IN THE good old days that preceded the Russian-German alliance Hitler railed at Marx and Communism, and Stalin at Fascism and Capitalism. Yet both dictators stood on common ground; for both insisted, as Marx had insisted long before them, that society is everything, that the individual citizen must submerge himself in the state and its destiny. It makes little difference that Stalin, following Marx and Lenin, still talks of "proletarian" science and art and philosophy and of their duty to the worker, while Hitler talks of Nordic superiority and of what he regards as the manifest destiny of the Nordic stock to rule the earth. Both agree that the university professor must serve the state, accept the tenets of the official ideology and eschew any excursions into the metaphysical or the theoretical. The artist, philosopher and scientist must not only believe what he is told to believe by his rulers; he must practise that belief. Objectivity is derided in both the Soviet Union and Germany as unattainable and as anti-social.
If this insistence on the crushing of individuality assumes different aspects in Russia and in Germany it is because of different economic needs and social conditions. Despite the greatness of Mendelyev and Pavlov, despite the eminence of some Russian mathematicians and physicians, the Tsars did little to encourage science. In Germany, on the other hand, science was officially cultivated, and the chemist or engineer who had earned an international name became a Geheimrat, an Exzellenz, even a Freiherr or Graf, with the right to precede his family name with a von, though he might be a Jew. The Herr Professor was outranked in the salons and at court only by higher state dignitaries and army officers. There were universities in nearly all the important towns, and each of them was preëminent in some Fach, such as mathematics, as at Göttingen, or medicine, as at Tübingen, or philosophy, as at Berlin.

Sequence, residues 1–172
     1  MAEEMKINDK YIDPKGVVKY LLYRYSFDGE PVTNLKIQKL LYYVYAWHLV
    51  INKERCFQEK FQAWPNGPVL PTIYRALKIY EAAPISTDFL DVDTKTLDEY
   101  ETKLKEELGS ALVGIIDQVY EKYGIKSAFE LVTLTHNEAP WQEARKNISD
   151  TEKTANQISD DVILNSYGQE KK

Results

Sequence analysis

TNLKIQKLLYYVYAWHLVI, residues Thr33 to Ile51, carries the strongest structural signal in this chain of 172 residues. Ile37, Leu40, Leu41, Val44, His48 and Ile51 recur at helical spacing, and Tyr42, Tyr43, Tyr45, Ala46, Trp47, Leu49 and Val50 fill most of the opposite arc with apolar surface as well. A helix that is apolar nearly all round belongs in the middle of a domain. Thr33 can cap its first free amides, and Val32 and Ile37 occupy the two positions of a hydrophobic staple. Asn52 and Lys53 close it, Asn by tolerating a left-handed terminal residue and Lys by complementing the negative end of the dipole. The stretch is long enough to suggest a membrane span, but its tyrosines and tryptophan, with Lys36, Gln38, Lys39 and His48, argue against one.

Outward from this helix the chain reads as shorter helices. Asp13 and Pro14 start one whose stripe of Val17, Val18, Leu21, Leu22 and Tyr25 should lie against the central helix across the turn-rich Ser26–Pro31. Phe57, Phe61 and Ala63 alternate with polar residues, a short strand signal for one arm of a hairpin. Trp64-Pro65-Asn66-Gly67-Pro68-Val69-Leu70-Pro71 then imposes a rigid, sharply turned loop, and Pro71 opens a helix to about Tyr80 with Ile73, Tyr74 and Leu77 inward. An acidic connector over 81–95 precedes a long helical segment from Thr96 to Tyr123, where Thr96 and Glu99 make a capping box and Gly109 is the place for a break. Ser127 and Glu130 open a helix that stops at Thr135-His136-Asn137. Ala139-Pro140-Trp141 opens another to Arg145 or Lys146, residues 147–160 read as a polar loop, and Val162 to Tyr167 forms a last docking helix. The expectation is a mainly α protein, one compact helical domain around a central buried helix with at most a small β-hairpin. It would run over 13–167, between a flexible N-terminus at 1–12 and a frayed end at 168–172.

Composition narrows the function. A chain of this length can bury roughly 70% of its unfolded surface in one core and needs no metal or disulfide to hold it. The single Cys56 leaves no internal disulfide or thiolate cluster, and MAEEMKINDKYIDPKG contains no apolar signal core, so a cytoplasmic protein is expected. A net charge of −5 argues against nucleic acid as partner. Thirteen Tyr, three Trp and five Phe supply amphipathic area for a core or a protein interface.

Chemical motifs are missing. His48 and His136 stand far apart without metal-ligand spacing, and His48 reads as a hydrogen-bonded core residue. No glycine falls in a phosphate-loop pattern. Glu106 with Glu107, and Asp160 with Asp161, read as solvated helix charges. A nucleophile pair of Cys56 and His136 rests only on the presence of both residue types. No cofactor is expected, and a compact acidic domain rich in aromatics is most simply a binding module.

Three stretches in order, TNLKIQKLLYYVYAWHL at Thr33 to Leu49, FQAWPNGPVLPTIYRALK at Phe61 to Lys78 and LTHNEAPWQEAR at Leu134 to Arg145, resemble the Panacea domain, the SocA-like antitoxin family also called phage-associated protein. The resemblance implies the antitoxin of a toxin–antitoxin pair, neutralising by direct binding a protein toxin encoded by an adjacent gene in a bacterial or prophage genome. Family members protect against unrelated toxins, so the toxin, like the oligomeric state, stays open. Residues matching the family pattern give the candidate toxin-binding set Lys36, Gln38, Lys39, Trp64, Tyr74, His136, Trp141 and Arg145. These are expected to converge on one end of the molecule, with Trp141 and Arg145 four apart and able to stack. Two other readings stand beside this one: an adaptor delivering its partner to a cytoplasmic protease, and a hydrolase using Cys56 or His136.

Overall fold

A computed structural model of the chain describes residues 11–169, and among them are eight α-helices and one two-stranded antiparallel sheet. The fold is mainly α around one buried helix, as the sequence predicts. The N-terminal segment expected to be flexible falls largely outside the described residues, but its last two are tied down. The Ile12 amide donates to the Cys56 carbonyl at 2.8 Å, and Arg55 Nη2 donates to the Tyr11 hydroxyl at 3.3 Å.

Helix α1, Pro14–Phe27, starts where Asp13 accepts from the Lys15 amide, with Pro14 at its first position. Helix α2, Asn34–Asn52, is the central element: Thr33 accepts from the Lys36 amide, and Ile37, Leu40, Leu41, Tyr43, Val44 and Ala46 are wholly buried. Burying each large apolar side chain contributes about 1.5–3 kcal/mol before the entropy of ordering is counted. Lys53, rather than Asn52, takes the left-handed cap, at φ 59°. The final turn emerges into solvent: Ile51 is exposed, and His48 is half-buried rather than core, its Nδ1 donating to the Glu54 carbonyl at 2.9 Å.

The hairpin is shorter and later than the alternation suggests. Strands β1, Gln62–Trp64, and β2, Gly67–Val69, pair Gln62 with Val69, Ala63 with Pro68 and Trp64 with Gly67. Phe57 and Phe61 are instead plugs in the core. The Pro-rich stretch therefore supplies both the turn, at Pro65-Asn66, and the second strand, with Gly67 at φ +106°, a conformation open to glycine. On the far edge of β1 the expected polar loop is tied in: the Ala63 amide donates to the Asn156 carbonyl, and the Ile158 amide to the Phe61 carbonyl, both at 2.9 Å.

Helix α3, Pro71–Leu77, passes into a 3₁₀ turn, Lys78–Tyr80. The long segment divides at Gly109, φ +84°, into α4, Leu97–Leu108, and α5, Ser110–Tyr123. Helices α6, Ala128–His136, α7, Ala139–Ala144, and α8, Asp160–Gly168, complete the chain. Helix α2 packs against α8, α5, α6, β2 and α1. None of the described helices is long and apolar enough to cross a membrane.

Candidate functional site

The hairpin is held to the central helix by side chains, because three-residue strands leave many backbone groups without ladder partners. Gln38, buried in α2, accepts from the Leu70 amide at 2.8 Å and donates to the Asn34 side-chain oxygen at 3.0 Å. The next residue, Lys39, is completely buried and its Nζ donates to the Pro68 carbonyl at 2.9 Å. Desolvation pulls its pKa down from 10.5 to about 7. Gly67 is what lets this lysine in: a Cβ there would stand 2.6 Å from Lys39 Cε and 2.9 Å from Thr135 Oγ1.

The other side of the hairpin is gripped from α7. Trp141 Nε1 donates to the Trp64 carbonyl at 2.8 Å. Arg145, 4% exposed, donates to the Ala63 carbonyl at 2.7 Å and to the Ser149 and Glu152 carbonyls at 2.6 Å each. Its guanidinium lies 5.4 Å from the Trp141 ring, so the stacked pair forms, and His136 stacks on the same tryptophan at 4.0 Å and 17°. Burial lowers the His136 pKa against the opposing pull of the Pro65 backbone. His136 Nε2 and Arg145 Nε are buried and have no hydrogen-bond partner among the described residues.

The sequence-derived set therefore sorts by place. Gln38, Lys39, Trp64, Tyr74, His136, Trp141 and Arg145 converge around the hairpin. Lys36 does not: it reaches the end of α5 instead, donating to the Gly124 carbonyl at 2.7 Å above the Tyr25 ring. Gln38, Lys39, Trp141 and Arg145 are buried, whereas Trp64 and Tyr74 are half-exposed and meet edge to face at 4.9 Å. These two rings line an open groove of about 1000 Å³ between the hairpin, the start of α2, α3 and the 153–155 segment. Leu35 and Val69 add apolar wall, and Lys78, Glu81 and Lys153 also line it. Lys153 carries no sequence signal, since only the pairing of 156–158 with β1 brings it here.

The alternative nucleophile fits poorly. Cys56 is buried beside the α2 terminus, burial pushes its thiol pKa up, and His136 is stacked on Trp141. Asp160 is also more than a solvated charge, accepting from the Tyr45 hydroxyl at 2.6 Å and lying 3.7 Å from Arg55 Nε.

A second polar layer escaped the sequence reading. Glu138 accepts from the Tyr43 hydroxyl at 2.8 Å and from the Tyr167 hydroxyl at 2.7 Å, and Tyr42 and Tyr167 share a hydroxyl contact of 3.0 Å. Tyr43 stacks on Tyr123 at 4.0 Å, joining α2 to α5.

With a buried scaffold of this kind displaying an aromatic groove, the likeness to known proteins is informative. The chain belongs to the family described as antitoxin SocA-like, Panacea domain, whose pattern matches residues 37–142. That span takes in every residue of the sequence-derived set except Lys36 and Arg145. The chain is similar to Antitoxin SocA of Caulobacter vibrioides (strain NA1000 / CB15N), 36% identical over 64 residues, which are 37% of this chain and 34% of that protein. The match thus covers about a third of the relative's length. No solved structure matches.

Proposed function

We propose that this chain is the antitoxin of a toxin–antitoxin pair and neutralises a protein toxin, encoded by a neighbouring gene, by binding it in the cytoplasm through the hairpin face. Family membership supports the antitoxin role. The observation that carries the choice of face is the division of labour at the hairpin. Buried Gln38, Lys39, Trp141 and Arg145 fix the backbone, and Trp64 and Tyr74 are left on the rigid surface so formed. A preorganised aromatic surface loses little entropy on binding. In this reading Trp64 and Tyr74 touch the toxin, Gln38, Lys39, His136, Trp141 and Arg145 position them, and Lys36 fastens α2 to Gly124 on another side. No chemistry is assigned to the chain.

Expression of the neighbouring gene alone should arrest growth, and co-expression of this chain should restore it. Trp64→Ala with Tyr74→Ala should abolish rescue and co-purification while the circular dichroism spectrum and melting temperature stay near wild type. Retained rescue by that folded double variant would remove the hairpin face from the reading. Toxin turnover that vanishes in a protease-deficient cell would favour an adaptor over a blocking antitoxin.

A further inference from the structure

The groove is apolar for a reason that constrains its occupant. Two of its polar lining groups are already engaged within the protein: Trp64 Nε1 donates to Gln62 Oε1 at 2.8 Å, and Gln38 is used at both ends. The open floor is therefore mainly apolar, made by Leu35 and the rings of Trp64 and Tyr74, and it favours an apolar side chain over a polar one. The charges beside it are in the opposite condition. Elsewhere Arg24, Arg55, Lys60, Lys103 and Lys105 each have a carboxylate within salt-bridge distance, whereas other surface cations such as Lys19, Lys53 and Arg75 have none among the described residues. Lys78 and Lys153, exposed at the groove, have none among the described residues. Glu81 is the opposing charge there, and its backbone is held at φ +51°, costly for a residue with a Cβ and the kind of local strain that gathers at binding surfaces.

Today the academic rôles of Germany and
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